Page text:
City Crows

Dear Liza,

For such a big city, Portland has a large animal population.

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Bubbler Crow

We see this when the ‘dog parade’ heads from the neighborhoods to Laurelhurst Park for their evening walk. Cats greet us from sunny porches as we pass, and chickens talk amongst themselves when we go by Sunnyside School.

The squirrels, of course, have the best commutes ever, up trees and across power lines, chittering at everyone who will listen, but freezing on tree trunks to become invisible.

But by far the most vocal and numerous animals are the crows. Unlike their more reclusive cousins the ravens, crows thrive in close proximity with humans, and some even enjoy our company. And it’s not just people in general; studies show that crows remember certain humans, reacting positively to those who feed them and negatively to those they see as a threat.

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Queen of the Crows?

There is a lady who walks every day in Lone Fir Cemetery, bringing a large bag of dry cat food, just to feed the crows. She loves their attentions, and they love her, too! She is like the crow’s queen.

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Crow in the Artbar

The art in Portland reflects this affection (some might even say a fixation) with crows. This painting greeted us last week at The Artbar downtown.

And Laurelhurst hosts a fair few of the feathered fellows, as well.

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Laurelhurst Crow

I like having all these living critters in the neighborhood. Since I have fewer small people to talk with, crows and cats can be good conversation. Also, learning how critters get by and help the area (eating all that fallen fruit, for example) lets me see the neighborhood as an ecosystem rather than just a bunch of houses.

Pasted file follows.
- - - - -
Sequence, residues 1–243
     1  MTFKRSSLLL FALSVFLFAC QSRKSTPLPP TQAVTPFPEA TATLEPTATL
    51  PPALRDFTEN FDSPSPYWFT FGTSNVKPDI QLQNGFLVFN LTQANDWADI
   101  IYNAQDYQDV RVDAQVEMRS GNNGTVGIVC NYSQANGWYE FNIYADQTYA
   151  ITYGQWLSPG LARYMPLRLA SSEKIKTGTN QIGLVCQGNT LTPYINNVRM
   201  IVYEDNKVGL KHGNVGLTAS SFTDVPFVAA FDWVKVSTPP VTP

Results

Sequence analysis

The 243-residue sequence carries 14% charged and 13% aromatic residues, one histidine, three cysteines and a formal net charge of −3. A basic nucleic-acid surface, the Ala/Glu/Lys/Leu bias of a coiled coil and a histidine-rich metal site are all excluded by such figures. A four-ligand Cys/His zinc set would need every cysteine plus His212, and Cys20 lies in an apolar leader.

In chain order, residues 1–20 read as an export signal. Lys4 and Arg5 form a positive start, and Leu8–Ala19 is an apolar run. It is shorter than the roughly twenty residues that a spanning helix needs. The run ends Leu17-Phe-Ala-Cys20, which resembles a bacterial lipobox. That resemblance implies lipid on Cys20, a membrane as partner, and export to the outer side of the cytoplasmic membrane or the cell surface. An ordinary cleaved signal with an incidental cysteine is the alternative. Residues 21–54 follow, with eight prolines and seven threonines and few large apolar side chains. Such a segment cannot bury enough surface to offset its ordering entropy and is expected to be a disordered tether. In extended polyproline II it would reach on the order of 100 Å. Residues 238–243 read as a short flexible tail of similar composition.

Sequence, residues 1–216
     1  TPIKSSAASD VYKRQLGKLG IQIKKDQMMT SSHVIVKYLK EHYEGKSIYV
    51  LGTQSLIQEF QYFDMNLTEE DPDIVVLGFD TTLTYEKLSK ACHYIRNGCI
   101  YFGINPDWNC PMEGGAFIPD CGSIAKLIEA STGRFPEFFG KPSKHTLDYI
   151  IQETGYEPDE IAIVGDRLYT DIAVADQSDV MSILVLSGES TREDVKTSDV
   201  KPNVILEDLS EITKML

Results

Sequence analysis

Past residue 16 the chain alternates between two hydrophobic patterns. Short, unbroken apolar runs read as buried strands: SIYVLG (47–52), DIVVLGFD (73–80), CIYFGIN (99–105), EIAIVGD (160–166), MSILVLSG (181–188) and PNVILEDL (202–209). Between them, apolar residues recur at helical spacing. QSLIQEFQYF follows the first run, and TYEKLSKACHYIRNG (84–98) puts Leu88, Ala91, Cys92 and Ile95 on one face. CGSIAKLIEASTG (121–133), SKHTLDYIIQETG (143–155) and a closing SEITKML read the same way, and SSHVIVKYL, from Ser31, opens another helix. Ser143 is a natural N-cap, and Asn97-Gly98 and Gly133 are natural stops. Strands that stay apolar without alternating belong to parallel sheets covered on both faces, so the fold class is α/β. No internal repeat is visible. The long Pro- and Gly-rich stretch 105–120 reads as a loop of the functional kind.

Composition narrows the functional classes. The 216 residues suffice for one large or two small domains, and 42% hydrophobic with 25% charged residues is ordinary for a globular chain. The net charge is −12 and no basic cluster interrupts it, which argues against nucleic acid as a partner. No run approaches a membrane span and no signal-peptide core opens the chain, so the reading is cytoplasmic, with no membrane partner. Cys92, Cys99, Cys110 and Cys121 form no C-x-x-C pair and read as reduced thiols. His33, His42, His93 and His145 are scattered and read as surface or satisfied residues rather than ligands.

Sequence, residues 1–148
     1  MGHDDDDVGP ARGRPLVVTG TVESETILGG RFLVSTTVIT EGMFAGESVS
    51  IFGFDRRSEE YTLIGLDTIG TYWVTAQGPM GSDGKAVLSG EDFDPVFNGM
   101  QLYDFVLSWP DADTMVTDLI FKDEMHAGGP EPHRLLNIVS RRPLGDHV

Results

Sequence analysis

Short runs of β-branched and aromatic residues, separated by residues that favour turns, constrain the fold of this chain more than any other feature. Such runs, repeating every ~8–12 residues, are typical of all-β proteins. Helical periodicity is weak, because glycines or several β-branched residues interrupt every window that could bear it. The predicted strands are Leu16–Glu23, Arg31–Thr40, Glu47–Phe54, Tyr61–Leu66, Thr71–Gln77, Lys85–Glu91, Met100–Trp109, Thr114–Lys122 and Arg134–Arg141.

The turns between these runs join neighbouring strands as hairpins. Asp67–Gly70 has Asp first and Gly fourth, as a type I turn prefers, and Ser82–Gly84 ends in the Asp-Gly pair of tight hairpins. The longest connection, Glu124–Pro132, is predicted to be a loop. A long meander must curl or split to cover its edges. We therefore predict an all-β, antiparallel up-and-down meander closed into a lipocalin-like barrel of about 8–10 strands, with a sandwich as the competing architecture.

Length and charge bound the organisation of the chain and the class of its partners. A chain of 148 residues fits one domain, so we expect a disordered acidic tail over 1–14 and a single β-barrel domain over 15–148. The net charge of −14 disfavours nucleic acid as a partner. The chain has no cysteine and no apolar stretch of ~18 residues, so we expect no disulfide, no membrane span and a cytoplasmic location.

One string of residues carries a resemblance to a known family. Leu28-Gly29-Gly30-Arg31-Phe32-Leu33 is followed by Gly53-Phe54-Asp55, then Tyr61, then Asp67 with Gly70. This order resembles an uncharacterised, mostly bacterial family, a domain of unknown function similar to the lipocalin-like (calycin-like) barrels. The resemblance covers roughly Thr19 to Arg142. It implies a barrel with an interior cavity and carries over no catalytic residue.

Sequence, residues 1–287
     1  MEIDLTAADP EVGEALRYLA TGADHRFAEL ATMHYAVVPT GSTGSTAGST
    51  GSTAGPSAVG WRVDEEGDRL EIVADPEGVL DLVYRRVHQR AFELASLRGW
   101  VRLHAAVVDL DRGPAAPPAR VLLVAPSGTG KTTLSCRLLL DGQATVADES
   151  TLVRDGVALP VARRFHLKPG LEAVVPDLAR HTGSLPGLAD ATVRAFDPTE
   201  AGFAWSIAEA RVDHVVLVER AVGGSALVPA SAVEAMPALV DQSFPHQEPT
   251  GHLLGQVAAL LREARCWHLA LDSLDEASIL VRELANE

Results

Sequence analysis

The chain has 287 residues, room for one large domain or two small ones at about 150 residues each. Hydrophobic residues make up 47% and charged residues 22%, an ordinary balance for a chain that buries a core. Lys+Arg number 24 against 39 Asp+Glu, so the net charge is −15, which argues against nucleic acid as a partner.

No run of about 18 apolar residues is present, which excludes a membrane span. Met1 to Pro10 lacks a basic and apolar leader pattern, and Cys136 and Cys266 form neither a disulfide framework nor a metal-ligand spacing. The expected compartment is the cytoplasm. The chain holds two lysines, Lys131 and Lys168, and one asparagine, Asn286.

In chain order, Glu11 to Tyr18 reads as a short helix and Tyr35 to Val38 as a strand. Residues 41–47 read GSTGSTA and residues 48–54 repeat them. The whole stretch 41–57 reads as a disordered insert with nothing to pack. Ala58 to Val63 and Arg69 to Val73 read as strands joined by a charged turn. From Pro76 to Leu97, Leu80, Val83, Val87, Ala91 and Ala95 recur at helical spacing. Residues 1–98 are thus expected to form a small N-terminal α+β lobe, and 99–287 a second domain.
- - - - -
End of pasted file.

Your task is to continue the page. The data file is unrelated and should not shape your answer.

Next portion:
Love, Grandma Judy

Crows!

Dear Liza,

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Resting flock

The other day I was noticing the tiny birds who somehow make a living during this cold weather. They eat seeds from the thousands of trees and bushes in the neighborhood. The bigger birds make a living, too, eating pretty much anything they can find. Pizza boxes, unfortunate critters, and fruit still on the tree make up a fine diet for them.

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Lone Crow

This morning, I could not help but notice the crows! Living as we do between the forest of Laurelhurst Park and the Lone Fir Cemetery (which now has hundreds of trees, not just the one), we have more than our share of crows.

 

This morning, they were so loud I had a look out the window.

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Murder of Crows!

 

I don’t know if you know this, but there is a special word for a flock of crows: It is called a MURDER. That being the case, we had multiple murders on our street this morning.

Just another wonderful day in Portland.

Love,

Grandma Judy

Lone Fir Cemetery Part 2

Dear Liza,

Yesterday morning, Auntie Bridgett and I went on a tour of the Lone Fir Cemetery, just down the street from us at Stark and 26th. This cemetery has been used since 1846, when the farmer who owned the land, James Stephens,  buried his elderly father. He later sold the land to  a steamship owner named Colburn Barrell, who used it within a year to bury people who died when his steamship The Gazelle exploded.

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Mr. and Mrs. Stephens, original owner of the cemetery